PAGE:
By Matt Zapotosky and Dan Morse
Washington Post Staff Writers
Wednesday, July 15, 2009
Crime fell significantly in Prince George's and Montgomery counties in early 2009, in part because of double-digit percentage drops in reports of violent offenses, authorities announced yesterday.
In Prince George's, total crime declined by more than 14 percent from January through June compared with the same period last year.
In Montgomery, total crime dropped 6.7 percent for the first four months of the year compared with the first four months of 2008. "Crimes against persons," a category that includes homicides, rapes and aggravated assaults, were down 10 percent.
At a news conference to highlight the decrease, Prince George's County Police Chief Roberto L. Hylton announced that burglaries increased during the period, but only by 3.3 percent. Homicides fell by 16.7 percent, rapes by 14.1 percent and vehicle thefts by 29.5 percent, he said. In raw numbers, that equates to 10 fewer killings, 12 fewer rapes and 1,307 fewer stolen vehicles in Prince George's, police said.
Maj. Andy Ellis, a Prince George's police spokesman, said increased staffing has helped, and County Executive Jack B. Johnson (D) cited an increase in the police budget from $104 million in 2002 to $253 million now. Hylton emphasized the success of community policing, which addresses smaller problems that are of concern to residents and puts officers in closer contact with people in the areas where they patrol.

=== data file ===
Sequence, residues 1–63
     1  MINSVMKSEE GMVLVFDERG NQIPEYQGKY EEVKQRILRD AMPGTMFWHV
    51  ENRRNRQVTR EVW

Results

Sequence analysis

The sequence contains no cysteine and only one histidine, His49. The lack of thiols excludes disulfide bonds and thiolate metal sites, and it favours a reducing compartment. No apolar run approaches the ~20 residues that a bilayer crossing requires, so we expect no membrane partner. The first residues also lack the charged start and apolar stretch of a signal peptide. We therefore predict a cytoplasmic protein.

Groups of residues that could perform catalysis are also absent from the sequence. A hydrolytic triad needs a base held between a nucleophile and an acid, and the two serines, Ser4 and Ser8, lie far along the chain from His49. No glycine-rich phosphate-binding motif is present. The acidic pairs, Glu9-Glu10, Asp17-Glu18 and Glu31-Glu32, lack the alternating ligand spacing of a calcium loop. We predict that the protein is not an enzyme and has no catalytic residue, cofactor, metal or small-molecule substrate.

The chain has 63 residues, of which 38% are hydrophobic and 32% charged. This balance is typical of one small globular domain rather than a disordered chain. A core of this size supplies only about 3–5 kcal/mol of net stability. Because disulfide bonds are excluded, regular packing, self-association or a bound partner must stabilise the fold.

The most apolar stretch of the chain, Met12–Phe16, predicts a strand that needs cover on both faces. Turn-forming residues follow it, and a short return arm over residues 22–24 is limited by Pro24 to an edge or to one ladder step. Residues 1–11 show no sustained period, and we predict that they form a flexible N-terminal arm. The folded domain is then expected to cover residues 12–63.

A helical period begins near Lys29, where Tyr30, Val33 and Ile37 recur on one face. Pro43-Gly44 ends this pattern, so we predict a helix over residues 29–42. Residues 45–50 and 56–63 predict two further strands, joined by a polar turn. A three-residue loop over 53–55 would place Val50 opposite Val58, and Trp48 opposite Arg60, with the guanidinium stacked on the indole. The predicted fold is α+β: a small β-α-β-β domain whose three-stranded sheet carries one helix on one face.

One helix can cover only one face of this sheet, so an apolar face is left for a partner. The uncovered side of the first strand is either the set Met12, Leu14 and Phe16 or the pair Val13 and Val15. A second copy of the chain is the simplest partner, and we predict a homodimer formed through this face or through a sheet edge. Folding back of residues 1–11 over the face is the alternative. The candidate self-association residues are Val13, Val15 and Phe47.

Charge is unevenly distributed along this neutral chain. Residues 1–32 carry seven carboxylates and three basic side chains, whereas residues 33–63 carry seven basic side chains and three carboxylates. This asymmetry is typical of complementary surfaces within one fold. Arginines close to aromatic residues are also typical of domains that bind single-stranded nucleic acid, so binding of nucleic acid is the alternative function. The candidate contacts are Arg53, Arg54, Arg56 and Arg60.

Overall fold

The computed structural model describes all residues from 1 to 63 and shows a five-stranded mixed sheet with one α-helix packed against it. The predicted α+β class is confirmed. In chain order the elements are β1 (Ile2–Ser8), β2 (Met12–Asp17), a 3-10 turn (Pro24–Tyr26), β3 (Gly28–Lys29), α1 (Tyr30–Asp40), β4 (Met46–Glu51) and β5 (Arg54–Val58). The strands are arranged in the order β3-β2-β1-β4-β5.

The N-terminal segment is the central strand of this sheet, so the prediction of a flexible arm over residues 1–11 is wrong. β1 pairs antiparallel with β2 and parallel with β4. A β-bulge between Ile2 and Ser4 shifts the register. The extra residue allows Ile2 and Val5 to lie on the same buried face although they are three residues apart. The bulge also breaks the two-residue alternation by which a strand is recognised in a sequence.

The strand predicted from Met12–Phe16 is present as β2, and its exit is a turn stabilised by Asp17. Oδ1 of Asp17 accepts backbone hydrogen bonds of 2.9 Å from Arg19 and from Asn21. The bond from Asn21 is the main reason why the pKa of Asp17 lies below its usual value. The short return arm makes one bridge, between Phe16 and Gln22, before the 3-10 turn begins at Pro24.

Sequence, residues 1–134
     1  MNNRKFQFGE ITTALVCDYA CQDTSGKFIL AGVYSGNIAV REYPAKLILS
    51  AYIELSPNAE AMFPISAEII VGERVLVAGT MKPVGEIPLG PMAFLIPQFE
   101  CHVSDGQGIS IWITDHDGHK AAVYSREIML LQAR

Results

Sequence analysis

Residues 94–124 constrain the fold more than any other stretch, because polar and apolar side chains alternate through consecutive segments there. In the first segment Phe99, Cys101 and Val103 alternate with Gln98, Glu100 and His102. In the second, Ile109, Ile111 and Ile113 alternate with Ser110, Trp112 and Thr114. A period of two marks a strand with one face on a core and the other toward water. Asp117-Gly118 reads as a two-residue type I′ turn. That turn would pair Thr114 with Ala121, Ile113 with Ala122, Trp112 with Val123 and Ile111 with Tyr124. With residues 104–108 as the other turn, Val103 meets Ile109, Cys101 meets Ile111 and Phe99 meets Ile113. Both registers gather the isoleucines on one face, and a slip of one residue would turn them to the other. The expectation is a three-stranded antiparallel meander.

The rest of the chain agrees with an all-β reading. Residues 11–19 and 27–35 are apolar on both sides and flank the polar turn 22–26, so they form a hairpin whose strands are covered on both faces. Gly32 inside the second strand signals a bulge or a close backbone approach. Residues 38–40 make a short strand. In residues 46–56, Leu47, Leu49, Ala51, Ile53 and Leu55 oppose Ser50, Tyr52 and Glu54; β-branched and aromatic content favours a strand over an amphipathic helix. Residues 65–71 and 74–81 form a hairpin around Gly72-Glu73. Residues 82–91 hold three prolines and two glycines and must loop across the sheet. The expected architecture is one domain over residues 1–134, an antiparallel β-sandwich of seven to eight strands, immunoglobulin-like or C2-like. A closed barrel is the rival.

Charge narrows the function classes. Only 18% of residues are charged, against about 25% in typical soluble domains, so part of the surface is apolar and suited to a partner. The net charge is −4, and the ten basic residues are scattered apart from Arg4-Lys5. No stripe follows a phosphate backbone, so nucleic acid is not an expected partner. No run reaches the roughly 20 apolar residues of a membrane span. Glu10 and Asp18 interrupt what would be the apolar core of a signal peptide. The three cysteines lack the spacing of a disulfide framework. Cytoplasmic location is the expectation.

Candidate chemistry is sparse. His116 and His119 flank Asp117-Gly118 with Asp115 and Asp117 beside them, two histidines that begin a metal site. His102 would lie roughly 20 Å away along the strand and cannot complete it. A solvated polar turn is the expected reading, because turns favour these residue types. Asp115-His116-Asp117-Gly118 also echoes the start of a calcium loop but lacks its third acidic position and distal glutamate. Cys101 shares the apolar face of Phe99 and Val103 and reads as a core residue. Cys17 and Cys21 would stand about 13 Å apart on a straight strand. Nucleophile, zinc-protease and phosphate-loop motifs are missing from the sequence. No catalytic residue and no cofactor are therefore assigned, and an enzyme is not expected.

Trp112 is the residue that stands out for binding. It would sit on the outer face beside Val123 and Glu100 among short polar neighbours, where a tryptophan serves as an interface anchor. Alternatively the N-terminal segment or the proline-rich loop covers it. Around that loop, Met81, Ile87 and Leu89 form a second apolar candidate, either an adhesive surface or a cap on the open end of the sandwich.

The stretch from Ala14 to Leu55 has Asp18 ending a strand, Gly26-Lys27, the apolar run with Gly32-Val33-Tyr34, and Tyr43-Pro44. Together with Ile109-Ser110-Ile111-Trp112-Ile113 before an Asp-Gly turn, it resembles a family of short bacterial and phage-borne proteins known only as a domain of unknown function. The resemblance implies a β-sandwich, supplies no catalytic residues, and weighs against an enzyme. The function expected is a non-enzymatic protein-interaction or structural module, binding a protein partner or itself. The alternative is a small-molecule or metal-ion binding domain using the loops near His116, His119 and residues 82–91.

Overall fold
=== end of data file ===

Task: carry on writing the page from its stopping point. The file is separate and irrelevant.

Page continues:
"All we're doing is reintroducing the model that works," he said. "You address symptoms before they become problems."
But even as he pointed to the reduction in crime, Hylton seemed to criticize others in the criminal justice system, saying that criminals were getting out of jail just as quickly as they were arrested.
"Our officers are locking the right people up, but they're right back out on the streets," Hylton said. "The police department is not the only part of the criminal justice process."
State's Attorney Glenn F. Ivey, who was not at the news conference, shrugged off the chief's words, saying he shares concerns that violent criminals are being released when judges or magistrates set unusually low bonds. In at least two cases this year, prosecutors have dropped assault charges against suspects after video footage appeared to contradict police officers' account of events.
The chief said in an interview after the news conference that he was "not laying blame on anybody," especially not Ivey. "I'm not hinting," he said. "I just think everybody has to work together." If his detectives were responsible for unsuccessful prosecutions, he said, he would institute retraining to address the problem.
Montgomery County has had only six homicides this year. The county has averaged 20 homicides a year since 1985.
For the first four months of the year, the most recent available statistics in Montgomery, "part one" crimes, including homicide, robbery and theft, decreased 9 percent, according to police. Robberies fell from 327 to 293, or 10.4 percent; burglaries declined from 1,116 to 937, or 16 percent; auto thefts dropped from 800 to 482, or 39.8 percent; and larcenies declined from 5,702 to 5,525, or 3.1 percent.
Less serious crime, such as vandalism and minor assaults, dropped by 5.4 percent, according to police.
"I am very pleased to see this reduction," Montgomery Chief J. Thomas Manger said in a statement. "We continue to seek and appreciate the active support of our community members in following good crime prevention practices, and providing information to the department to help us solve crimes after they occur."